Art and Photography

Post processing, printer profiles, calibration

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  • Feb 21st, 2021 5:52 pm
[OP]
Newbie
Oct 28, 2017
72 posts
7 upvotes

Post processing, printer profiles, calibration

I don't fully understand the concept for post-processing with specific photo lab printer profiles and monitor calibration. Info is quite piece-meal to me. Can someone add some advice to help me understand this need?

- If I calibrate my monitor with a colorimeter, then my monitor would be displaying accurate colors, at its best ability, to my eyes in my post-process environment. This minimizes variance from the monitor displaying true real colors to my eyes. Sounds simple to understand.

- Do I still need to I load a selected photo lab printer profile in LightRoom or PS before I process? I guess this minimizes variance between how my monitor displaying true real colors to my eyes and how the lab's printer going to print the true colors?

- How about if I process my photos using my calibrated monitor for my website? We are still not sure if my site is going to look as good as it is to other people's uncalibrated monitor. Does this make it a moot point to calibrate my screen if I don't print my work?
2 replies
Deal Addict
User avatar
May 5, 2010
1409 posts
753 upvotes
There's not much you can do for how the photos will look on people's monitors. With different apps (for instance, check Chrome vs Firefox, one has way more saturation than the other) and adaptive screen i.e. iPhone's day/night function, your photos will be all over the place as the colours go.

For monitor, you're correct. A colorimeter will use its software and the device to create a ICC profile matching your monitor. In theory, you should have a closer to the actual colours.

You should apply the printer profile only when you'll be sending your photos to print. No point in doing it in advance. Even applied on jpegs, the edit won't be too dramatic to mess with your photos. What I meant is jpeg compress your photos, but printer profile is mostly colour calibration, like i.e. a bit more cyan, less yellow, more magenta, less black. Not drastic enough to need the use of RAW. Even then, what paper is used will affect the final result too.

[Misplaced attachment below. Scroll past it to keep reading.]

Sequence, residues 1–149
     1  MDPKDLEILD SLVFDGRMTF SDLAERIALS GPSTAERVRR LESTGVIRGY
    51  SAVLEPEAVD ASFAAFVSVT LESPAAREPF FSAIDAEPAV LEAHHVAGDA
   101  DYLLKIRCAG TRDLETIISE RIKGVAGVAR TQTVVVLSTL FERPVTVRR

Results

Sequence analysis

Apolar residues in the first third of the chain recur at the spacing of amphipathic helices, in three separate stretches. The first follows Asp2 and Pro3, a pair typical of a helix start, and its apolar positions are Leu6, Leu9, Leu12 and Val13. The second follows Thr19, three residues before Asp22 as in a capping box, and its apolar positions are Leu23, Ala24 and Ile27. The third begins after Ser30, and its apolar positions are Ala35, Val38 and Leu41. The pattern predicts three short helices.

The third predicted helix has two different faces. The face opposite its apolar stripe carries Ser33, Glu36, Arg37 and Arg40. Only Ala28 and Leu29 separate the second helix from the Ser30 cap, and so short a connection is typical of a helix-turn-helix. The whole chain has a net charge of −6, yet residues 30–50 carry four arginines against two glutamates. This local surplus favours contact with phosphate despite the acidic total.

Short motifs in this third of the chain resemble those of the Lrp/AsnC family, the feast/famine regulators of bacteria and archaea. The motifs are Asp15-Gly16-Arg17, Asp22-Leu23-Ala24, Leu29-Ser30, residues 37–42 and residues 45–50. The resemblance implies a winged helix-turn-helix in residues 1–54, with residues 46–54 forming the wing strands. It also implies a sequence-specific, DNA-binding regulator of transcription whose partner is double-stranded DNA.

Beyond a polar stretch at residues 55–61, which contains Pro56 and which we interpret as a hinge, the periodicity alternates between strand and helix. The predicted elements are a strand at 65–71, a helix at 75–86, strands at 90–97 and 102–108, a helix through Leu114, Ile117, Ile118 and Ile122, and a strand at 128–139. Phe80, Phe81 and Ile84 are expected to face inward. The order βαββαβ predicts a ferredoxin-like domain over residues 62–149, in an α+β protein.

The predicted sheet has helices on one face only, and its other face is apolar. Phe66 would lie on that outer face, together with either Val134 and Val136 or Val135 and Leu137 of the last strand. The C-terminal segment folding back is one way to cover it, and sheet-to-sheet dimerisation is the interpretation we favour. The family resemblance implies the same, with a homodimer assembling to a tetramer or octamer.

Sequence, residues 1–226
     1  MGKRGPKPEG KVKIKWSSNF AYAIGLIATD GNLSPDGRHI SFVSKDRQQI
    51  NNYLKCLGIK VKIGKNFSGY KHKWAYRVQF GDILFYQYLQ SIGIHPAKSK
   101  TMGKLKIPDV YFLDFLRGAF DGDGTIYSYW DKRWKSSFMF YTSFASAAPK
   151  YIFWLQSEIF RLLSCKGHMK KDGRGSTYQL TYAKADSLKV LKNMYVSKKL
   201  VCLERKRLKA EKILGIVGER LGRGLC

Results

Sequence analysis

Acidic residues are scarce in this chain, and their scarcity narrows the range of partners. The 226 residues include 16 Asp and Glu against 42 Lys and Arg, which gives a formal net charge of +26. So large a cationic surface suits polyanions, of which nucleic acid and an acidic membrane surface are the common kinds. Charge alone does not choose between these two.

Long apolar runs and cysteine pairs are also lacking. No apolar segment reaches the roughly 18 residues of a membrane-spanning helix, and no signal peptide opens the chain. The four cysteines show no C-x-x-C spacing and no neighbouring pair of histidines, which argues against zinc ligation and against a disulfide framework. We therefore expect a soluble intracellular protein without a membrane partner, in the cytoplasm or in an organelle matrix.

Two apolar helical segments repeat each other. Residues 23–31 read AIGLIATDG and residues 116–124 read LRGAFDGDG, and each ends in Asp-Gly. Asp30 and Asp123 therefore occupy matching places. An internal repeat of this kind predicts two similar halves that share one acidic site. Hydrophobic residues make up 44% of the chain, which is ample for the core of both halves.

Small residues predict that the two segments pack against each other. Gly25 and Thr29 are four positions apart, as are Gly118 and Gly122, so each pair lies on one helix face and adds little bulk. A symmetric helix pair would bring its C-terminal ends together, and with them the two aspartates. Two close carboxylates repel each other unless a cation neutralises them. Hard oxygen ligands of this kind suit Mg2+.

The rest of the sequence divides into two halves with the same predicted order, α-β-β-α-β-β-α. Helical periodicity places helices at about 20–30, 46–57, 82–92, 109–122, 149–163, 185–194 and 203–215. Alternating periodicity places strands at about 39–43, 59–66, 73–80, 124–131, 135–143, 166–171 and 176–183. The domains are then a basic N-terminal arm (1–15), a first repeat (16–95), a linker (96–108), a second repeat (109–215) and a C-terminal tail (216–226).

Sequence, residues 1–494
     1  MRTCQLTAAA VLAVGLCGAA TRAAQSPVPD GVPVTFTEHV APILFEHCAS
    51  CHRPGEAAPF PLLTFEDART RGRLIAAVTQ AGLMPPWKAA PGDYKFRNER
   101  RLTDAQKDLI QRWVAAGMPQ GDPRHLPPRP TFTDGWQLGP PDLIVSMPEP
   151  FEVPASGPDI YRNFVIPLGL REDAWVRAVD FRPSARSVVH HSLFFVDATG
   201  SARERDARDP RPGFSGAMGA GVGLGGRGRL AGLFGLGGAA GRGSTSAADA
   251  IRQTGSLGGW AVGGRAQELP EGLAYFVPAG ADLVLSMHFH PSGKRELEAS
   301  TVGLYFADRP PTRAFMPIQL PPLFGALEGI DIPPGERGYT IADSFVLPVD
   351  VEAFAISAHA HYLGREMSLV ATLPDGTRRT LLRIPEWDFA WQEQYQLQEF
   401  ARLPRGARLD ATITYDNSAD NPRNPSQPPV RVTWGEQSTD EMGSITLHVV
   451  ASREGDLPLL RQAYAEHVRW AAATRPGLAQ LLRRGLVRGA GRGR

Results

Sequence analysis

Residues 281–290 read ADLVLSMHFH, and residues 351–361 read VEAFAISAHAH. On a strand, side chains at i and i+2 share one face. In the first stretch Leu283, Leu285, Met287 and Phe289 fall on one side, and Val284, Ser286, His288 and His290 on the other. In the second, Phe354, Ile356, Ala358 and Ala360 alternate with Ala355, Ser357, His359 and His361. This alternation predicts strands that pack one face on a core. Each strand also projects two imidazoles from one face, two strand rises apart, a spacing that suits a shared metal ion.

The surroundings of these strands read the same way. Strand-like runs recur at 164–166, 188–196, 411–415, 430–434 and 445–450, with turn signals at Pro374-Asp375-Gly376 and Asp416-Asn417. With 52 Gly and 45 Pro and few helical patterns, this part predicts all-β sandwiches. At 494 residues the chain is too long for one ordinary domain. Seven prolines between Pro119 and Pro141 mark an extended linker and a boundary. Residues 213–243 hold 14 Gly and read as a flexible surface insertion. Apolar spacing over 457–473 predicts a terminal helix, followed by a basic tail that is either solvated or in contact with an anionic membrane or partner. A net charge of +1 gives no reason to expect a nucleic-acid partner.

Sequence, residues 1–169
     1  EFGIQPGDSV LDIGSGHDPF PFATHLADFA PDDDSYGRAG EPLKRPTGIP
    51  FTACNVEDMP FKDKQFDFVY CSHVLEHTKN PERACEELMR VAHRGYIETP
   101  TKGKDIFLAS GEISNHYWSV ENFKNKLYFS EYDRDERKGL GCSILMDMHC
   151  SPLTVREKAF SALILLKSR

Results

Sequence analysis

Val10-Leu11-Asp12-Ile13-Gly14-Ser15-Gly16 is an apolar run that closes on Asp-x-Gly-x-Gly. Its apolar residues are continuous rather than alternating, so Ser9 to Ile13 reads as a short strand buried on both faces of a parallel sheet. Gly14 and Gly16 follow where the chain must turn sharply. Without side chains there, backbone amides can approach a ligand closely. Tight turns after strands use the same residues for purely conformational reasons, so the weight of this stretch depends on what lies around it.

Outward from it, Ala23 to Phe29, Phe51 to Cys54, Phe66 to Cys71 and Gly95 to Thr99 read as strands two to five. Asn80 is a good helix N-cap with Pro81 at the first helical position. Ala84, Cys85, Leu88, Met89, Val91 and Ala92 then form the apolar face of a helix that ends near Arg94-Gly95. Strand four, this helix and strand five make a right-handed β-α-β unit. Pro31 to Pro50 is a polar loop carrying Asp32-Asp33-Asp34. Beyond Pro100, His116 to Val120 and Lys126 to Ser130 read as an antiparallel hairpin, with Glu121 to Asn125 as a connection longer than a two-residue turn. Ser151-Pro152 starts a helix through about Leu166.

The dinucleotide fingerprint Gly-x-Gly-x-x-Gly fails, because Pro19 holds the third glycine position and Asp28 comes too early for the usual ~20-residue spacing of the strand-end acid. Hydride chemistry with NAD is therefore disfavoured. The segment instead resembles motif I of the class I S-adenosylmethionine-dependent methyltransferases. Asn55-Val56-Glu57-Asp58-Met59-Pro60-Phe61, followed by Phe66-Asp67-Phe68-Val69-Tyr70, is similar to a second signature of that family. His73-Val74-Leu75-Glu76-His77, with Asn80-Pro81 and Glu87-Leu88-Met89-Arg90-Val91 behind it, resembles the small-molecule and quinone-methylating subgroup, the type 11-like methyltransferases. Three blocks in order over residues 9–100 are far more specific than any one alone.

TL:DR - Online, there's not much you can do. For print, use the profile, but for serious work, print a proof and adjust after from it.
Deal Addict
Feb 16, 2006
4465 posts
1444 upvotes
Vancouver
Paper and ink profiles will really take you down the rabbit hole. Get your monitor ICC profiles done properly and editing software configured correctly to use them.

if you're serious about presenting the best quality image, then - YES - you should calibrate your monitor to a standard. It will improve your images for both web display and for printing. You are not wasting your time. Don't worry about what other people will see on their junk screens. Worry about how it will look to the people that are knowledgeable about how an image should look. You don't want to be the guy that edits 1000's of images and then 5 or 6 years later gets a new high quality monitor and discovers all his edits have a tint to them or blown out areas.

Understand the difference between a standard "sRGB gamut" (which most web sites still use for image display) and "wide gamut" and what happens when people view a wide gamut image on a sRGB screen using software that is not colour gamut aware. When editing, ensure to embed the colour profile into the image. Fortunately most browsers today are colour profile aware. It was not like that even 5 years ago.

https://www.color-management-guide.com/ ... ement.html

I think for most people that, after getting their monitor set to a colour standard using a calibrator, the next biggest challenge is getting the monitor brightness at the right level for the room they edit in. Edit in a light controlled room. If your monitor is too bright for the room you edit in, your eyes will be fooled into lowering the brightness of the image and then prints will come out dark. Similar can happen if the monitor is too dark and then the edited images will be too light when printed.

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